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China GDP – what’s in store?

Expect China Q2 GDP at 7.4%: Expert

The release of China's second quarter growth figures on Wednesday is the key event risk for markets this week and while there are still trouble spots for the world's second largest economy, analysts broadly believe growth will pick up in the months ahead.

According to an analyst poll by Reuters, gross domestic product (GDP) growth is expected to come at 7.4 percent from the year ago period, unchanged from the first quarter which marked the country's slowest annual growth since third quarter of 2012.

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HSBC expects the reading to come in a shade lower, at 7.3 percent, but notes that growth prospects going forward look much brighter.

"It's still probably a bit early in Q2 to see signs of the economy bottoming or picking up. We expect the pick-up to take place more in Q3 than Q2," said John Zhu, China economist at HSBC, who expects the Q2 figure to be dragged down by weak investment.

But growth should rebound further by the end of the year; Zhu expects fourth quarter GDP at 7.6 percent, bringing full year growth to 7.4 percent.

"We think growth is likely to be driven by stronger domestic infrastructure investment as well as a slightly better net exports contribution, as global demand recovers in the second half of the year," Zhu added.

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Other analysts were also positive about Chinese growth coming in broadly in line with the government's official target of 7.5 percent for 2014.

"At the end of the first quarter we were starting to get a little negative on China and we were thinking towards that 7 percent [level] and the market was pricing towards a softer growth pattern," said Toby Lawson, managing director at Newedge, who expects a 7.4 percent headline figure on Wednesday.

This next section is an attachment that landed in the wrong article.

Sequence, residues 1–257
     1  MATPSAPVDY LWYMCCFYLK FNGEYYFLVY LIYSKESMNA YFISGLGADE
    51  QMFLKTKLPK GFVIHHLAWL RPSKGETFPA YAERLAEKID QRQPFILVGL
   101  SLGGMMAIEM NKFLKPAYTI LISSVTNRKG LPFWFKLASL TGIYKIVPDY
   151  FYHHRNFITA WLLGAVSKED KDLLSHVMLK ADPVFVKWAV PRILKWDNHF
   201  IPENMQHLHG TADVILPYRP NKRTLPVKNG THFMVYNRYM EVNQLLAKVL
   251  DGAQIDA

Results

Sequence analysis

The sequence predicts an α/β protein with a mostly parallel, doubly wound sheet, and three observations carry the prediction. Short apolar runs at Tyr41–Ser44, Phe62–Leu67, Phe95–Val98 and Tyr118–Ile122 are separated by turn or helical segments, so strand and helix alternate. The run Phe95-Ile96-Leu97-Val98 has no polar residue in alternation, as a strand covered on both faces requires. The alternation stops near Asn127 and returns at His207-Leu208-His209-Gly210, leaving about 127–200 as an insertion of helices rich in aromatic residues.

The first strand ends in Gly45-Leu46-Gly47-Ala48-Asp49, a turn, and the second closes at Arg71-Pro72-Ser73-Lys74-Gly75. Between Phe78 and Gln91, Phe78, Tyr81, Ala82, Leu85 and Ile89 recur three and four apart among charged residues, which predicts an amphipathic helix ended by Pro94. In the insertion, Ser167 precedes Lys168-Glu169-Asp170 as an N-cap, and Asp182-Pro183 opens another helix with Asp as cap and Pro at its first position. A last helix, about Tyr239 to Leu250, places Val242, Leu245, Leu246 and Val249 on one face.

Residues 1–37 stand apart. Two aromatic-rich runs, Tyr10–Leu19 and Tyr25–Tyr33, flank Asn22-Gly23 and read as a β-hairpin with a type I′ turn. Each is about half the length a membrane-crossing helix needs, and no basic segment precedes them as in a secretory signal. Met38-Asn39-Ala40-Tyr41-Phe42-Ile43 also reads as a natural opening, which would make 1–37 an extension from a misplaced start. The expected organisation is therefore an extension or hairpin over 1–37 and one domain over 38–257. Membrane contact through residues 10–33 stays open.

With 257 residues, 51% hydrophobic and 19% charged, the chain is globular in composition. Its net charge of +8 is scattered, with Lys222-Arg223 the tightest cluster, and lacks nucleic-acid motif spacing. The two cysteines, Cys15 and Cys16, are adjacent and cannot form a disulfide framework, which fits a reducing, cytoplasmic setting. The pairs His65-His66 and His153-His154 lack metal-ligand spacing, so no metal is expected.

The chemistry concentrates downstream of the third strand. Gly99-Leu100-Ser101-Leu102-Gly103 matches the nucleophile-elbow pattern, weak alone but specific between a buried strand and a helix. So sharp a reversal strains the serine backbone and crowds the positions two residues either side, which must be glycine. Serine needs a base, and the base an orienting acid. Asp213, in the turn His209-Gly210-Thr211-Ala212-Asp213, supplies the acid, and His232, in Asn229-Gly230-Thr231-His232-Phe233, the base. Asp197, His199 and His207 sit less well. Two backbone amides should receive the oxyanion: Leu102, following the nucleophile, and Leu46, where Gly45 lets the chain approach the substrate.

"But since then [Chinese] officials have accelerated some infrastructure spending and loosened some credit capabilities and it's [growth] certainly stabilized to the extent that… the 7.5 target for the year looks to be in line," he said.

Baked potatoes for sale in Dashilan Market in Xuanwu, Beijing.
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Beijing has introduced a drip-feed of stimulus measures in recent months, in an attempt to reboot the economy that has slowed in recent years. As a result, recent Chinese economic data from manufacturing to industrial output and retail sales have showed improvement, as the targeted measures, known as "mini stimulus" worked their magic.

However, Lawson added his voice to a growing chorus by analysts warning about China's weakening property market, which makes up around 25 percent of the country's economy. Last week, an independent survey by private data provider Soufun showed house prices in 100 major Chinese cities fell 0.5 percent on month in June, the second consecutive month of declines.

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"The property sector is the one to keep your eye on. Its performance will be slightly under some of the other sectors like exports. That's probably the weakest element of the overall China story," he added.

Analysts at Societe Generale agree.

"The dark cloud of the housing downturn is likely to hover over the economy for a while longer. In such a scenario, we hardly expect any sustained or sizable growth acceleration," the bank said in a recent report.

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Although SocGen sees second quarter growth surpassing expectations at 7.5 percent due to recent improvement in production data, it doesn't expect the momentum to last.

"In quarter on quarter terms, we see growth acceleration running out of steam in late Q3 and deceleration resuming in Q4, albeit modestly," they said, adding that they forecast around 7.3 percent growth for the full year.